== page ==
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New policy position on safety in children's environments

2 December 2019

The Education Standards Board has approved a policy position on what it considers to be ‘reasonable precautions’ required by approved providers to protect children from harm.

Ensuring that ‘every reasonable precaution is taken to protect children being educated and cared for by the service from harm and hazard likely to cause injury’ is a requirement of s. 167 of the Education and Care Services National Law.

The board has provided clearer guidance to people building new services or undertaking major upgrades of existing services.

The following applies to all new service approvals from 1 November 2019:

Children under three and small objects

Children under three should not have access to small objects (of a size that presents a choking hazard) in their indoor or outdoor environment. This includes mulch and stones.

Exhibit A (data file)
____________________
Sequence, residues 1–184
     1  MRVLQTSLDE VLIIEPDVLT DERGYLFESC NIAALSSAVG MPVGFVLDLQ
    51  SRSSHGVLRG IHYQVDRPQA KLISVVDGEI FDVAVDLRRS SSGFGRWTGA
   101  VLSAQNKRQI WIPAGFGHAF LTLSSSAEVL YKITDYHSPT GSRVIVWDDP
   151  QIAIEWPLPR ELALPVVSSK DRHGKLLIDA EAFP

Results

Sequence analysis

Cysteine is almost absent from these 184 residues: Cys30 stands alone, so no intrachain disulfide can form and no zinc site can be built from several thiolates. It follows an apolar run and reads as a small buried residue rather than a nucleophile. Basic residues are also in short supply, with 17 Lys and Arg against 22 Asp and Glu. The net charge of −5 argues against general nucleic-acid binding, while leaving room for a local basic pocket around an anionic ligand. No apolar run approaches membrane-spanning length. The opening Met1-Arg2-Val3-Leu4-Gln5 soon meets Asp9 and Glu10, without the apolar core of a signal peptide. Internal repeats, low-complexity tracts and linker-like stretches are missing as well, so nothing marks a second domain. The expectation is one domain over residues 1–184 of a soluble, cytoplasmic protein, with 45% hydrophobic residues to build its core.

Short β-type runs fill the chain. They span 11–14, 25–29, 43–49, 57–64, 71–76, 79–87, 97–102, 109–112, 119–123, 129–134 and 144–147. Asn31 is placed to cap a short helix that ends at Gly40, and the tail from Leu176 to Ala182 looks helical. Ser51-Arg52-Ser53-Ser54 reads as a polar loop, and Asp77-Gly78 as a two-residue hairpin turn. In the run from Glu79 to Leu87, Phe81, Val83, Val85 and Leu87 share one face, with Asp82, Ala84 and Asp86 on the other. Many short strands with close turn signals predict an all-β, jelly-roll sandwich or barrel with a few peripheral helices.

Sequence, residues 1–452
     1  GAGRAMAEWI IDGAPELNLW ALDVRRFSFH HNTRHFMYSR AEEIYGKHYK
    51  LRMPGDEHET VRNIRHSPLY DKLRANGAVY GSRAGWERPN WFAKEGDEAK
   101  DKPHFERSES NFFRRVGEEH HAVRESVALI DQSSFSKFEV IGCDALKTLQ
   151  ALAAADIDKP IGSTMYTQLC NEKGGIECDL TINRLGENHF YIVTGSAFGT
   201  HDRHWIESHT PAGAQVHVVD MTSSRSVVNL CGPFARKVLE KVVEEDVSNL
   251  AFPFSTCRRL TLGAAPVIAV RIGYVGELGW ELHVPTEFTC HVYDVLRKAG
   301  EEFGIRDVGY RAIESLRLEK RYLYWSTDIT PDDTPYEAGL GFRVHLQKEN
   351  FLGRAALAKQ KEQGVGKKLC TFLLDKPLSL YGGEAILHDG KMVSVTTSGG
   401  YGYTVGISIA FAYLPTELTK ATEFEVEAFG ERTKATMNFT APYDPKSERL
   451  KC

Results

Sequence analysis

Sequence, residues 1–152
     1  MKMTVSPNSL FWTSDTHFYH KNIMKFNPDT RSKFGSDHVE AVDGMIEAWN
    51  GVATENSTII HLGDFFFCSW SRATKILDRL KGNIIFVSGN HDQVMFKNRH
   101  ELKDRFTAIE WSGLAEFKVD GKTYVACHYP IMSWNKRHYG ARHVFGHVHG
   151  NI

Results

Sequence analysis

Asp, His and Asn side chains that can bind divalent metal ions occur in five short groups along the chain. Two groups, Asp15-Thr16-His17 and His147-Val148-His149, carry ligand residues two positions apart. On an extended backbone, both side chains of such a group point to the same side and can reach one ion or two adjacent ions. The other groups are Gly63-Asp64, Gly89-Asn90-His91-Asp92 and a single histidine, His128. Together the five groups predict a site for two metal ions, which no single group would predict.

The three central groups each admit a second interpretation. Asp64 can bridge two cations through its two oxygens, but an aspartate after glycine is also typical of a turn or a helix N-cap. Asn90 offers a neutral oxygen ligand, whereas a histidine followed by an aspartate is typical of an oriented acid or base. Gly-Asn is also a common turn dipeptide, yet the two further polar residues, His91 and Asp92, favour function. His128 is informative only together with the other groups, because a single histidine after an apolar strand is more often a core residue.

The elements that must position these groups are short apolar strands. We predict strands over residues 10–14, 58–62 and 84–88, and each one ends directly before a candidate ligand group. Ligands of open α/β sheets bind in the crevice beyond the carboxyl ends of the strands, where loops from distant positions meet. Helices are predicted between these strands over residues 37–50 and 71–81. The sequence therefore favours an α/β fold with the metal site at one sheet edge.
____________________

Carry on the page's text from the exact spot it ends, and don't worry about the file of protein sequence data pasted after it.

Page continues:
Kidsafe and ACECQA both publish information sheets on the value of outside play spaces and safety considerations. The ACECQA information sheet on babies and outdoor play recommends that anything smaller than a D-size battery is a choking risk.

The Australian Competition and Consumer Commission also provides guidance on buying safe toys and making a DIY safety tool for checking the size of small objects.

Finger guards on hinged doors

SA Health has advised us of severe injuries to children’s fingers in education and care services.

There have been several amputations and a larger number of crushing injuries.

These can be prevented by fitting finger guards to the hinge edges of doors that may be accessed by children. Sliding doors can be fitted with stoppers that prevent the door being shut on a hand.

We have also seen an alternative hinge arrangement used on children’s toilet doors, creating a larger gap to prevent fingers being caught in the hinge side.

Making self-closing doors safe

Doors that children may access must be self-closing, adjusted to a slow close using a cushioning device. This allows children time to react.

In high traffic areas, doors should be able to be fixed in an open position by use of mechanical means, for example a cabin hook or drop bolt.

Doors that rely on the cushioning device to hold the door open can be blown shut by a strong breeze.